Have you ever landed on a website, interested in purchasing a service from a company, only to be overwhelmed by the volume and organization of information? How quickly did you exit out of the tab?


One of the more damaging mistakes a small business owner or marketer can make is being too verbose. You surely have incredible amounts of knowledge and passion to share about your business, but your potential customer is probably not interested in hearing it.

Don’t take it personally. Much like you, they’ve got busy lives and would prefer to just get straight to the point.

Consider this: a visitor lands on your website, after doing a quick search for a local floral shop. Ready to purchase flowers for their mother, they are inundated with a novella’s worth of copy. The visitor doesn’t want to spend much time searching through the website to see if the shop can quickly deliver the type of flower they’re interested in, so they hit the back button in their browser and try another website.

It can be challenging to write the right copy for your website, brochure or other marketing materials. To keep your copy on-track, consider following these three guidelines:

1. What does your customer need?

What brought a visitor to your website in the first place? If you’re unsure about what your visitors are looking for, you must begin using analytics data to track what search terms or links bring people to your corner of the web. You may think visitors are choosing you because they want a floral shop that sources from local, family-owned farmers, when most visitors are actually interested in your same-day delivery option.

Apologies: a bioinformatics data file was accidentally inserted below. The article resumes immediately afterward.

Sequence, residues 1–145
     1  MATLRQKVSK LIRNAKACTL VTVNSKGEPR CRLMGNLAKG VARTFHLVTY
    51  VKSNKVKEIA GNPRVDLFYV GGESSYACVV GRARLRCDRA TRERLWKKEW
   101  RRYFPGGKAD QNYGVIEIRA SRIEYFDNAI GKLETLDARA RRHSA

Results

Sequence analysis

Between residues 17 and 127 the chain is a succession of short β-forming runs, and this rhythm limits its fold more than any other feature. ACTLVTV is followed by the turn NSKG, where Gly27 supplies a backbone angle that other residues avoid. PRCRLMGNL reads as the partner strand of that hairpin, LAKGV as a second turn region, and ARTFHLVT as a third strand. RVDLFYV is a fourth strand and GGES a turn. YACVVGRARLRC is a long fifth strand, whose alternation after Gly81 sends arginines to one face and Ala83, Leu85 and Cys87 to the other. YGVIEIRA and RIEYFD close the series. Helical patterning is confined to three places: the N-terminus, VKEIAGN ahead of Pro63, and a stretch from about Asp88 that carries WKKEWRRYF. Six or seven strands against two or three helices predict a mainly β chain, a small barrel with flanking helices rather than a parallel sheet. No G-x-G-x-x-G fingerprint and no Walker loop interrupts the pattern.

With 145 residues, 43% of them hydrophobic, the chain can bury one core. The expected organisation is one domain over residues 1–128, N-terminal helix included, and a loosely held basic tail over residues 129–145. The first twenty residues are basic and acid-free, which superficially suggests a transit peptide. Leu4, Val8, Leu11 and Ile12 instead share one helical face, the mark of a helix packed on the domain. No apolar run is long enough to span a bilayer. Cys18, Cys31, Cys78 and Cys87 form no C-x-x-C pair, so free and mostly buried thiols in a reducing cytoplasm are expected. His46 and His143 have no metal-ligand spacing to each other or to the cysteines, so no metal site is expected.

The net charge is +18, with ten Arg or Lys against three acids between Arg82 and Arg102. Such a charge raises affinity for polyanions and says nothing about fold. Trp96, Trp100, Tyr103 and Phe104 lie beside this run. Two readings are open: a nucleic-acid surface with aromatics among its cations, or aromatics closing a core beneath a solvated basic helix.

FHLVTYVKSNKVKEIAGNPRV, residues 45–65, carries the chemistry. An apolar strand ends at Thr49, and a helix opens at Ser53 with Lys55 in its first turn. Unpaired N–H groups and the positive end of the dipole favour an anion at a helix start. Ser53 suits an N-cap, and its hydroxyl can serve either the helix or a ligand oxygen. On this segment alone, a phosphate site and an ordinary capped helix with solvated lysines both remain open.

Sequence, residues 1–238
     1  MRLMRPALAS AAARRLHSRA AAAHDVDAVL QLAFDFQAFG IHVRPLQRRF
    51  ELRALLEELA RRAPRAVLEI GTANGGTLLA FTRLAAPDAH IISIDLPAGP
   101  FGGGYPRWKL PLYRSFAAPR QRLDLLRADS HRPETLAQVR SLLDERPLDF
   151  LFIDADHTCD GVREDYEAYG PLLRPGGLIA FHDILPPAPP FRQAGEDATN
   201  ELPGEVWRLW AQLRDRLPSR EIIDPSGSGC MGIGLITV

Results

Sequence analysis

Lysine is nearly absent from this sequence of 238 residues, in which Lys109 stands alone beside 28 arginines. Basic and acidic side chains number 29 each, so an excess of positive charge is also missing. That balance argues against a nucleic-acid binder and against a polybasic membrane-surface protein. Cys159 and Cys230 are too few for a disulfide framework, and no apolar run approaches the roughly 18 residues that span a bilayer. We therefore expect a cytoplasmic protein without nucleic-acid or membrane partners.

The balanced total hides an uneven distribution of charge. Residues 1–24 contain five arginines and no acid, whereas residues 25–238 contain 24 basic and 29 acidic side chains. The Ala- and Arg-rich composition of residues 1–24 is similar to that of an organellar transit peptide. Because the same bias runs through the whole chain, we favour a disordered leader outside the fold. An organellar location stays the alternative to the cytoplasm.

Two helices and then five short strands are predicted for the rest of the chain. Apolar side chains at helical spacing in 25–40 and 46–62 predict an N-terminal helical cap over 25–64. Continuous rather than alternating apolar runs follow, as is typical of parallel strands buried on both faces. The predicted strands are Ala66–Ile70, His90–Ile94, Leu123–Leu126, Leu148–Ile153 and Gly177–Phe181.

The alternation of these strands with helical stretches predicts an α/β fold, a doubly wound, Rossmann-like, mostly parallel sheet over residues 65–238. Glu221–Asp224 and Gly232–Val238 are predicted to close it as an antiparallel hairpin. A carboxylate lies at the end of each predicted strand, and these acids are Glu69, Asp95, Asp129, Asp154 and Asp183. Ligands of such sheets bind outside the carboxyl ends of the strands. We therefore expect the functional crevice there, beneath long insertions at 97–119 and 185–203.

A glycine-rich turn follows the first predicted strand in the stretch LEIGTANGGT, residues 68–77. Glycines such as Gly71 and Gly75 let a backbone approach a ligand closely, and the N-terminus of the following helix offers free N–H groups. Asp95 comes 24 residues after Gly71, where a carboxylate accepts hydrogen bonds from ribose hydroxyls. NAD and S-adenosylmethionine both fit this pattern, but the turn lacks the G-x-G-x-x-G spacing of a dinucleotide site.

Once you know why your customer chose your website to help solve their problem, you’ll need to perform an audit of your copy to figure out if what you’re saying is matching up – quickly and clearly – to your customers’ needs.

2. What information is irrelevant to your customer’s needs?

After completing the audit of your copy, you will likely have come across copy that isn’t addressing the needs of your client. Move or remove this text. For example, the two paragraphs outlining your company history may be better suited to live on a separate “About” page, instead of your homepage.

3. How can you rewrite your copy to make the same point, in fewer words?

The easiest way to be more concise in your writing is to understand what language is slowing down your reader.

A common mistake is overusing adjectives that don’t actually mean anything. Words like “amazing” and “incredible” are usually nothing more than empty words: we see the words so often that they’ve lost their true meaning and impact potential. (If you don’t believe me, I highly suggest taking a listen to Louis CK’s thoughts on the subject).

Try removing the unnecessary descriptors from a sentence. Does it still tell the same story? If so, you’ve just saved your potential customer time, helping them move forward to make their purchasing decisions just a bit quicker.

At the end of the day, your web (and other marketing material) copy is about your customer, not you. Your copy should meet their needs in a quick and clear manner. Save the time of your potential customer by getting straight to the point, and you’ll be rewarded with more sales.

Brittney Lane
Simple Machines Marketing